There were not exactly villains in the drama at Three Mile Island, just flawed humans who made mistakes, some poor designs, and, as we always see in such circumstances, a tendency to “cover your own ass.” The utility running the plant and its contractors paid over $100 million in compensation to various plaintiffs and spent about $1 billion dollars cleaning up the site. Hundreds of tons of radioactive fuel and wreckage from the site were shipped to a Department of Energy facility in Idaho. Radioactive coolant which had seeped into the concrete of the containment building could not easily be recovered and its removal has been deferred likely until the other reactor at Three-Mile Island is decommissioned.

The fact that the infamous Three-Mile Island nuclear plant continues to generate power and a white cloud of steam above two of its four cooling towers is what surprises me most. Despite heavy local opposition reactor #1 was allowed to resume operation in 1985 and, in 2009 the Nuclear Regulatory Commission extended Three-Mile Island’s license to allow reactor #1 to continue operations until 2034. Money is money, after all. When I do my circle to land around the ominously quiet cooling towers of reactor #2 I think about what still lies inside that building and reflect on the huge concrete sarcophagus the Russians had to build over the wreckage of Chernobyl at great personal cost to those who did it.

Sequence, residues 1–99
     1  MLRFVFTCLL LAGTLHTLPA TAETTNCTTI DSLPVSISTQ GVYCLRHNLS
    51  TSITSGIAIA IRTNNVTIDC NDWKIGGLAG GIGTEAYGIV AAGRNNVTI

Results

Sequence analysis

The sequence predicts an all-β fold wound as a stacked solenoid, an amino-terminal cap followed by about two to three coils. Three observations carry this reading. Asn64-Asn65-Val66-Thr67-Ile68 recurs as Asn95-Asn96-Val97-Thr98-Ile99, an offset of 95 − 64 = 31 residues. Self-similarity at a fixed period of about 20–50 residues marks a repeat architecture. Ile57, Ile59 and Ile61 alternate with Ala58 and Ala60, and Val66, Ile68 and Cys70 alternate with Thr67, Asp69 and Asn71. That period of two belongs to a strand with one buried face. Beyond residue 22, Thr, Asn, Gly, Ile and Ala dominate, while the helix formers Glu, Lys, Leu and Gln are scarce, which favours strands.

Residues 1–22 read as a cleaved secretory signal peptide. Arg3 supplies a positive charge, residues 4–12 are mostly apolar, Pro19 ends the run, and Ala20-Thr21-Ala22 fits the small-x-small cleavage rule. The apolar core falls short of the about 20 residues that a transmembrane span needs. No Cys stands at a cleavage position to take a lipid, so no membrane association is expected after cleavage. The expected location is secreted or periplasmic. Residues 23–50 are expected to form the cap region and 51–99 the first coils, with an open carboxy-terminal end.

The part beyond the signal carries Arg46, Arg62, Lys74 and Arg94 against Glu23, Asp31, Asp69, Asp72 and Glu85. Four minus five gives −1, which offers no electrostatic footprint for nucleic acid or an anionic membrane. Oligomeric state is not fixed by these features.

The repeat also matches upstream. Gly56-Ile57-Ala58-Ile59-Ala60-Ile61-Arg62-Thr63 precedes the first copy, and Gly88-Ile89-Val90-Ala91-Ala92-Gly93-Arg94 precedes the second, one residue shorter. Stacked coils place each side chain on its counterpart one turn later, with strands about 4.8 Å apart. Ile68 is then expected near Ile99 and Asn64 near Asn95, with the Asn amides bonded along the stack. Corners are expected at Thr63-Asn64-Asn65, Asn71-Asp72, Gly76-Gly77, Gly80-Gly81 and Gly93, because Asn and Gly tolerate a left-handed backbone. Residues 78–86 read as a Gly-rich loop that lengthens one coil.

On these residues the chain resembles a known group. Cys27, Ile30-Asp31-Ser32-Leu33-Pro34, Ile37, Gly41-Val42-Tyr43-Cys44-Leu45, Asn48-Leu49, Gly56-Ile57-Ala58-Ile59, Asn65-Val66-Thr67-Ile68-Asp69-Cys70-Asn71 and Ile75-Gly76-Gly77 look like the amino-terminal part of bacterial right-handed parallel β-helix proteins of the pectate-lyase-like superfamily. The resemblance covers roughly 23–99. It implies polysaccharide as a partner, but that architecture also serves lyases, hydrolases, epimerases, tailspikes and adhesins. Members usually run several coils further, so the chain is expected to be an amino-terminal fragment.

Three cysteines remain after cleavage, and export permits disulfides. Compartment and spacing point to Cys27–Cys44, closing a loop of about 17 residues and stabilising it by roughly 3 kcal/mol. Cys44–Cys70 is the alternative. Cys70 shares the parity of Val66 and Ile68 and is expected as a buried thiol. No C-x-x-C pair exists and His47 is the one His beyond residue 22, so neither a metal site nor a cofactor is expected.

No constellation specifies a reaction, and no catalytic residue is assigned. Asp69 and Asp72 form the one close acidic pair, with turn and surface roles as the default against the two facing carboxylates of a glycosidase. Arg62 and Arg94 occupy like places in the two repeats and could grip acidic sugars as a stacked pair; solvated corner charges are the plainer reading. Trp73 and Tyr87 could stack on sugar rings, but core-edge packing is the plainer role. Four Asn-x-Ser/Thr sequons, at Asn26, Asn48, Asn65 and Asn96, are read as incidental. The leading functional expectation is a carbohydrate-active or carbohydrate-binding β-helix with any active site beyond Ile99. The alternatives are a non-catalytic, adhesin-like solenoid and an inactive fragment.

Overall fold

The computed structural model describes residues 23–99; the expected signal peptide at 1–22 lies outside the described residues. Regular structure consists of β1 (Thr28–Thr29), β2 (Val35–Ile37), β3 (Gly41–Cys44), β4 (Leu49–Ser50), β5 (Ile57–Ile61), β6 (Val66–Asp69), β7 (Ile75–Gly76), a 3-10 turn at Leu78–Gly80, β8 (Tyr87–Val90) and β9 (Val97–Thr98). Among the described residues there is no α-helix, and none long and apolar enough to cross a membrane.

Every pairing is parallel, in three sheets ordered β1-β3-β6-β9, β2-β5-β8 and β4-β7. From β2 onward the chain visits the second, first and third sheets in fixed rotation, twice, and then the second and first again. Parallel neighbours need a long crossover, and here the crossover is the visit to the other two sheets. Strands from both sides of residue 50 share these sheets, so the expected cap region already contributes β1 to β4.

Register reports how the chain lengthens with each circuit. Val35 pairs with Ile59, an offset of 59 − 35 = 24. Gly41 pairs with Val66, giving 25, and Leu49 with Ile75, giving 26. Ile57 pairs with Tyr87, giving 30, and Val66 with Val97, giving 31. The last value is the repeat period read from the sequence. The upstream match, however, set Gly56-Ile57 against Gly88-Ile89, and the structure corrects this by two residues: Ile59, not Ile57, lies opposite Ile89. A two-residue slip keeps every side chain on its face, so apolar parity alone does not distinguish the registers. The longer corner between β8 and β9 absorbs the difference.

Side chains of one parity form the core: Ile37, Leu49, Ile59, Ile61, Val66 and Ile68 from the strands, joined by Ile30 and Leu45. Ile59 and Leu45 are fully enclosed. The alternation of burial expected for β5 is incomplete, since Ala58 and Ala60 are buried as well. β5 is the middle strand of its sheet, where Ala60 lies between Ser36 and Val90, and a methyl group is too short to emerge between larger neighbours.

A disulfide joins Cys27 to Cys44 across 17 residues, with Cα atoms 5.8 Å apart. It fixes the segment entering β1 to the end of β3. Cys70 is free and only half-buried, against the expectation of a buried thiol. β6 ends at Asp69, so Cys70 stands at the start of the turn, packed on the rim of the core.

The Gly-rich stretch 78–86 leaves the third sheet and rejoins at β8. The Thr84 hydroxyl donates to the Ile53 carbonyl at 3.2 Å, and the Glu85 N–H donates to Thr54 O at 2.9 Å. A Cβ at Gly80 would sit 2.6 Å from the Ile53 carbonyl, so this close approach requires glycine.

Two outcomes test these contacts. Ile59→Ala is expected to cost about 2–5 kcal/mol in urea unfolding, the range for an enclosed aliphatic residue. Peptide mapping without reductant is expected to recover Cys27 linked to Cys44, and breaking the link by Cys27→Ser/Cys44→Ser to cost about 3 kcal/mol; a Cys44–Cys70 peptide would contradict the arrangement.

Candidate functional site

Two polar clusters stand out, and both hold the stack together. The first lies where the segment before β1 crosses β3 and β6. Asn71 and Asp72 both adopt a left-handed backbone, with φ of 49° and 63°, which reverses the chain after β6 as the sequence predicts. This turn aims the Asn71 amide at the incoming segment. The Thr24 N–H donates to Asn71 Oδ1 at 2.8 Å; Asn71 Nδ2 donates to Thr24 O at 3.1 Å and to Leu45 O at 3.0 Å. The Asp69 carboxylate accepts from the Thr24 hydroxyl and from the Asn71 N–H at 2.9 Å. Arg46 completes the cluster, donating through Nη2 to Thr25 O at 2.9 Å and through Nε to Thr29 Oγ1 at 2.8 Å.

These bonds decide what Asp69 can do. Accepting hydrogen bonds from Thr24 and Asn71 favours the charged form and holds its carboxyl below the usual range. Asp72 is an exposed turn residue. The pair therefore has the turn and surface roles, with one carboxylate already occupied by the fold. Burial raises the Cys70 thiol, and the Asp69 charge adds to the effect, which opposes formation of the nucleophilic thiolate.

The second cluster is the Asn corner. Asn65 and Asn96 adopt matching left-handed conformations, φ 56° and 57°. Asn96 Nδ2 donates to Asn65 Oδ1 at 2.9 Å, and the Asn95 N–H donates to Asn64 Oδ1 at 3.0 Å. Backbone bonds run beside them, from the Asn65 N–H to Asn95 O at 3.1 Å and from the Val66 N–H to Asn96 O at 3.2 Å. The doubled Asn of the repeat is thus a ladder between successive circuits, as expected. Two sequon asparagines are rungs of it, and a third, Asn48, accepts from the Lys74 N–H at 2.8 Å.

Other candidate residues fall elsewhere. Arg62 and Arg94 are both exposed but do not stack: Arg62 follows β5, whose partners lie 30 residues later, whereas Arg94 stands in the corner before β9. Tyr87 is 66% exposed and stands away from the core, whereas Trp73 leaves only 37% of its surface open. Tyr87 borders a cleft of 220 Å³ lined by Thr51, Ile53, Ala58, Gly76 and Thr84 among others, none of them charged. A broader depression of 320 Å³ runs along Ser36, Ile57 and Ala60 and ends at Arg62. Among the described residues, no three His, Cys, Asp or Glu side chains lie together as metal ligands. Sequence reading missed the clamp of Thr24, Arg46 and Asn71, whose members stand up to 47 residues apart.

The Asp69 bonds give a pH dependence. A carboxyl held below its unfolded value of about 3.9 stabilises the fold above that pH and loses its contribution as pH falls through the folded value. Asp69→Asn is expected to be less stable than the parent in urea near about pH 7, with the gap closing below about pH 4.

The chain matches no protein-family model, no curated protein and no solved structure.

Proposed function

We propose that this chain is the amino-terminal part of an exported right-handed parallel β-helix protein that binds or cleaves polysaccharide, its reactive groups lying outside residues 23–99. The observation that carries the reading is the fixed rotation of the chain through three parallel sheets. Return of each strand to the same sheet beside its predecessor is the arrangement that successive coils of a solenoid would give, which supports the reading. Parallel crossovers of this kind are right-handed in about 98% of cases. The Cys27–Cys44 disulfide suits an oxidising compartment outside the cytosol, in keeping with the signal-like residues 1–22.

What happened at Three-Mile Island in 1979 has largely been forgotten and perhaps that is as it should be. Our “collective memories” are already filled up with worries and, in some cases, manias. Kids today don’t think about the possibility of the Russians blowing us up like I did when I was a kid. Parents today don’t obsess about their kids getting Polio, as our grandparents did. And apparently people in Harrisburg today don’t fret about nuclear meltdowns like they did in 1979. Today kids worry about terrorism (which they statistically shouldn’t have to) and parents worry about vaccines (when they should be worrying about the renewed specter of Polio and the diseases that these vaccines nearly eradicated) and the loonies give us a thousand other things to worry about if we listen to them.